Unfortunately in both cases I wasn’t able to get to the whole thing – life has just been too annoying lately with the amount of stuff that gets in the way – so I didn’t want to post too much about either, but one thing I’ve been going over since Worship Central is how much the total lack of visual stimulus distracted me from worship. How can the lack of something distract me?
If there were awards for worship services (please don’t tell me there are), then the one at Worship Central would have won across the board. Great worship leaders, good band, fantastic mix of songs well arranged and structured across the set and a ‘congregation’ of worship leaders and musicians who had waited for this sold out event, queued outside, anticipated and were ready to go. So a win-win situation, what could possibly go wrong. Me, apparently.
Yes, I did ‘enjoy’ the worship if you are aloud to say that sort of thing, and yes it did help me to focus on, think about and I suppose ‘meet with’ God, which I guess is the point. But I just got so bored of staring at white text on a black background. The church we met in had some banners up – these were all just text – and there was a nice big stained glass window (which had three characters in it that I have no idea who they were, it wasn’t obvious to me). I got so bored I realised that I was looking around (while singing) looking for something that pointed to God and I couldn’t find it.
Jump forward two weeks – Church Without Walls National Gathering at Ingliston. Again, I could only make part of the last day and I know there were lots of different styles of worship, singing, praying, service, etc. all going on but I only managed to get to two (more or less). Sunday evening’s closing session for the national gathering was in the program as “Worship with Jonny Baker, Praise with Stuart Townend” which was interesting because we often use the words ‘Worship’ and ‘Praise’ to mean the same thing – singing.
Jonny Baker has posted here about what he did in that hour with an outline of the order things happened and links to resources. Very useful if you were there but it doesn’t give the feel of what happened and neither can I. What I can say is that the visual stimulus which matched the music style and almost ancient chanting style of singing I found really helpful to quickly focus, become still and be with God. Some of the visuals were specific to match what was being said, sung or read others less so but even on this scale (2-3000 people in a large venue with a stage fit for a rock concert) there was still an intimacy and sense of interaction. This style of led worship with mixes of readings, liturgy, stories, etc. included asking for our physical participation in response to what was being said, it included a time to reflect what we wanted prayed for and to take away something to pray for a stranger – it was in other words, very well structured and rounded time of worship (not just singing songs)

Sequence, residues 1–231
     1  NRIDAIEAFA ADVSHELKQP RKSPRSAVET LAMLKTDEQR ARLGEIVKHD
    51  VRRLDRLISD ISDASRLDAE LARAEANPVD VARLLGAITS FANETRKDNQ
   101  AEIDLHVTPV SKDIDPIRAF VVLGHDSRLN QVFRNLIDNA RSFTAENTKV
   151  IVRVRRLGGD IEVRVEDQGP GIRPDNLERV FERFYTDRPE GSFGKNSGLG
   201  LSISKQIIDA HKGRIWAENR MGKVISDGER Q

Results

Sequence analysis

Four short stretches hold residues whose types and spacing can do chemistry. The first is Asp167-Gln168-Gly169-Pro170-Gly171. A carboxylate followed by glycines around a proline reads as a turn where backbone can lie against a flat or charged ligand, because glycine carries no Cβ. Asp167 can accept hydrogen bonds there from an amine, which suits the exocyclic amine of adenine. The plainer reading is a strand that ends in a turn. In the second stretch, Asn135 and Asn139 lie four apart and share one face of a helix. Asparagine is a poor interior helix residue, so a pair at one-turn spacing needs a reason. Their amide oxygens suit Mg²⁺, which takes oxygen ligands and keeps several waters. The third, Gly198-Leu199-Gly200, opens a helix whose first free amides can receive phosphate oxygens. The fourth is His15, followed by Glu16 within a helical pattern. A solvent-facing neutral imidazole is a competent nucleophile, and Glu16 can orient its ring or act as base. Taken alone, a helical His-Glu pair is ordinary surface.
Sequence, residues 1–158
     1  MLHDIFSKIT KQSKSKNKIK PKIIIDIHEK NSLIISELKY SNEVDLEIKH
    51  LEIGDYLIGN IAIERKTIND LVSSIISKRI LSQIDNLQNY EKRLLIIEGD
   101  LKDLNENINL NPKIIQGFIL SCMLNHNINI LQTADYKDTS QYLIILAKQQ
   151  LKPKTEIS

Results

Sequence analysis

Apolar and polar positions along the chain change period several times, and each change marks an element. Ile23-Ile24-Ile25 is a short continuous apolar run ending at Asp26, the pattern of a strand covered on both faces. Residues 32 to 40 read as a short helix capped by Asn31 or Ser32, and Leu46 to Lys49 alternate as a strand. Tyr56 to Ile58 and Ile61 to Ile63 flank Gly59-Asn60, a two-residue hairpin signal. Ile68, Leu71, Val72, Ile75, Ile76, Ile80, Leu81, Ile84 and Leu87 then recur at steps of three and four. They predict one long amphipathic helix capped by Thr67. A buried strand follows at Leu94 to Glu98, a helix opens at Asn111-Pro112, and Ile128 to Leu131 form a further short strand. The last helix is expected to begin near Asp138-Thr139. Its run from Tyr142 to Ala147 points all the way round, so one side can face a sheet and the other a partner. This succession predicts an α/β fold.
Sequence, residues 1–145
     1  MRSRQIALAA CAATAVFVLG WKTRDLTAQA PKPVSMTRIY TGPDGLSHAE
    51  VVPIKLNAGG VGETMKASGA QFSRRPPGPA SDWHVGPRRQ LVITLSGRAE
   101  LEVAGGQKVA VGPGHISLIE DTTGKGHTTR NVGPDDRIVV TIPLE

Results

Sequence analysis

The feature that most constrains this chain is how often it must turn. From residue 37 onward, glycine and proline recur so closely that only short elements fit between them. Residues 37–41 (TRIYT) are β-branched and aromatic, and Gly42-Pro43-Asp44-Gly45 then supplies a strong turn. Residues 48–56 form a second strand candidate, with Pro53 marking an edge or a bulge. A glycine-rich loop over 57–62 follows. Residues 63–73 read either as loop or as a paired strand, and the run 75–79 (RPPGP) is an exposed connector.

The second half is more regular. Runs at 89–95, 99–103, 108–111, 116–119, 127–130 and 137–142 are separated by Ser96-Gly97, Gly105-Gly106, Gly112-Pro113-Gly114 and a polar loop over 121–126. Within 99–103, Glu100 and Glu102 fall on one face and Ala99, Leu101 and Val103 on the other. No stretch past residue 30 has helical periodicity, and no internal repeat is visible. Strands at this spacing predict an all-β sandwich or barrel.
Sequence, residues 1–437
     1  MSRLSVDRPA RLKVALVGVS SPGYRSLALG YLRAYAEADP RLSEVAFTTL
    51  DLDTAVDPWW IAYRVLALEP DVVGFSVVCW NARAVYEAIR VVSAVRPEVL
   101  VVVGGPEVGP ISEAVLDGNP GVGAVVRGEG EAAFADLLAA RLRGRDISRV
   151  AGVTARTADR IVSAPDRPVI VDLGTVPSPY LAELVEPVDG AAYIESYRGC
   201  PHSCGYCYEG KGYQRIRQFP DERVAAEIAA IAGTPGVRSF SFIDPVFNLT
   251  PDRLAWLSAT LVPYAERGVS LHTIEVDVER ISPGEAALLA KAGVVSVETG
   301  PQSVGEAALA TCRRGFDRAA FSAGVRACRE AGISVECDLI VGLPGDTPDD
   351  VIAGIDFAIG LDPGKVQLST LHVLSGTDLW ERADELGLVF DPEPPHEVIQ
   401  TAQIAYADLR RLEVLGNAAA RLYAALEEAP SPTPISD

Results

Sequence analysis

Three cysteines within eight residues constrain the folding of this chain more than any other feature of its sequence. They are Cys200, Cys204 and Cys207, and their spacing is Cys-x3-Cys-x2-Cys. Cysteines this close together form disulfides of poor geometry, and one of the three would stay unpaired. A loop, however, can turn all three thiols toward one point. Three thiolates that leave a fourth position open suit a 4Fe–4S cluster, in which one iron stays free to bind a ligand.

Following this I stayed for the first song or two in the “Praise by Stuart Townend’ section, but I was too distracted, had a headache and wasn’t able to focus at all on it. When I realised I was just singing the words for no good reason I left to go and think more about what had happened earlier.
So, are these the two extremes of contemporary worship – a guitar based band, leading song after song with the aim of getting us to think about God (presumably) and a bloke with a Mac using chilled music, singing, visuals and written words. Perhaps it’s not just a visual thing as I had in mind when I started this post, not simply a case of eyes opened or eyes closed – perhaps it is that I’ve got a short attention span and prefer to have multiple things happening (visuals to look at, words to think about, music to listen to) and not just look at the band playing their instruments.